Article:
Bhasan Char and Yaas: No injury, no damage
Even after fears of widespread inundation and extensive damage, Bhasan Char housing and cyclone shelters stood up well against cyclone Yaas, which made its landfall yesterday evening.
While the small island off Bangladesh's coast with the Bay of Bengal was not in the cyclone's direct path, residents did experience strong winds and tidal surges about two feet higher than normal.
Officials said this experience provided them with a good opportunity to plan for extreme events in the future and contribute to the overall preparedness of the Rohingya refugees.
Officials at Bhasan Char reported that there hasn't been a single incident of damage or injury. "This is the first cyclone in the island after Rohingyas were relocated here. So, it is also a first for the Rohingyas. But we had prepared [for such natural disasters] to the best of our capabilities."
Commodore Rashed Sattar, project director of Ashrayan-3 project, popularly known as the Bhasan Char project, told The Daily Star that this cyclone will help them prepare better for future natural disasters.
"The refugees and we are now confident after already facing one cyclone."
Syed Hossain, a refugee on the island, said, "We were fearing the outcome of natural disasters. But now, there is no fear."
Due to cyclone Yaas, heavy rainfall and winds started from Wednesday night in the island. Life at the Rohingya shelters were normal as people were roaming on the island and fishing at the canals.
"The embankment at Bhasan char is nine feet higher than the water level. So, not a single drop of water entered the island," Commodore Rashed said, adding that there was no casualty, no accident and no damage.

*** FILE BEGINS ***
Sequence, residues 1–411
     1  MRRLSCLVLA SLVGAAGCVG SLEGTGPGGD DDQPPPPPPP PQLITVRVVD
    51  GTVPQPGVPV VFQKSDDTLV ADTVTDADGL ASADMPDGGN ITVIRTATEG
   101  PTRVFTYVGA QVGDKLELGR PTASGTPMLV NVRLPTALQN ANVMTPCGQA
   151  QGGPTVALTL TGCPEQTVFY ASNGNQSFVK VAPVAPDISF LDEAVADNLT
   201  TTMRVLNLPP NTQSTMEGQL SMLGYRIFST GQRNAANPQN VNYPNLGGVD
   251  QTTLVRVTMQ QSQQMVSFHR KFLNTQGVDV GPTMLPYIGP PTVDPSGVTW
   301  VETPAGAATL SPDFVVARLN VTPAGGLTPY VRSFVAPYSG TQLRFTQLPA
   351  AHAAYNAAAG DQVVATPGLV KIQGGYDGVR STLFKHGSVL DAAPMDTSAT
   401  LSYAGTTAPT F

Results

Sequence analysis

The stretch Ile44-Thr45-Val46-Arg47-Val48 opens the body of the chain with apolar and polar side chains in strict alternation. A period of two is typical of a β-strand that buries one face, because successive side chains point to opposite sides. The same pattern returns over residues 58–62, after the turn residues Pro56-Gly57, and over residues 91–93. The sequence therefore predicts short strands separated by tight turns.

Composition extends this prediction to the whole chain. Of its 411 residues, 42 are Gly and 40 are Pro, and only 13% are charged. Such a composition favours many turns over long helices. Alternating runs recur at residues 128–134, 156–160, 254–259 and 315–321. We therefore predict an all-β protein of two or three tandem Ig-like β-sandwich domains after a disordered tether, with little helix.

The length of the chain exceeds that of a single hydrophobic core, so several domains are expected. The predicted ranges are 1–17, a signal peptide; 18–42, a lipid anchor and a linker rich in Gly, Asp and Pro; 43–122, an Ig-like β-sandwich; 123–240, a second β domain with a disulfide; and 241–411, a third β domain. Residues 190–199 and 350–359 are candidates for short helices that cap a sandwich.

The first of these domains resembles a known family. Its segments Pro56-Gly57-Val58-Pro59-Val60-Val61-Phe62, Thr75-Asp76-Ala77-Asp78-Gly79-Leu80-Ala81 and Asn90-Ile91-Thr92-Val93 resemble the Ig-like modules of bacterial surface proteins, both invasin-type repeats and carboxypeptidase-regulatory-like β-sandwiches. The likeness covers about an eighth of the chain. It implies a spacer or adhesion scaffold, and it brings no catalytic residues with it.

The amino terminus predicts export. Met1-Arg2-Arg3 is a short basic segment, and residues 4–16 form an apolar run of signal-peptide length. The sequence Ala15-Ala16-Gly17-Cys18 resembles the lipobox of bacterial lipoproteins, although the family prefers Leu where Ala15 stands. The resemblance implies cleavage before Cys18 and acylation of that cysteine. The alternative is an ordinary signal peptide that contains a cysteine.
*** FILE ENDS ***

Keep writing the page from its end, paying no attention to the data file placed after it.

He said even if the cyclone was closer to the island while passing, Bhasan char would not be affected. "In any case, if water entered the island, there are a number of natural canals, lakes, and 120 ponds to accommodate the water. To discharge the water, there are 17 switch gates and 21 water pumps.
"During high tide, water came close to the embankment but that was for only two hours, after which the water started receding."
The Bangladesh government spent around Tk 3,100 crore in developing the island, building infrastructures and putting in place a protection system against extreme climate events under the project delegated to Bangladesh Navy.
About two hours by boat from Noakhali district town, Bhasan Char is slightly south west of Sandwip in the Bay of Bengal, close to the mouth of the Meghna river.
Since the beginning of the project, the UN and other international aid agencies have been reluctant to give a thumbs up to the project, citing risks of tidal surges and cyclones. Project officials said the embankment had been constructed after studying history and data of the last 176 years.
Each shelter was constructed 14 meter above ground-level and can withstand winds flowing 260 km/hrs.
Contacted, International Relations Professor Imtiaz Ahmed said Bangladesh is globally known for tackling cyclones and natural disasters and so when the government has taken up the project, they thought it out well before.
"There were several assessments from the government side. And this cyclone management in the Bhasan Char has now proved that the government took the right decision. Now, the UN and other organisations should pressurise Myanmar to take Rohingyas back and support the government."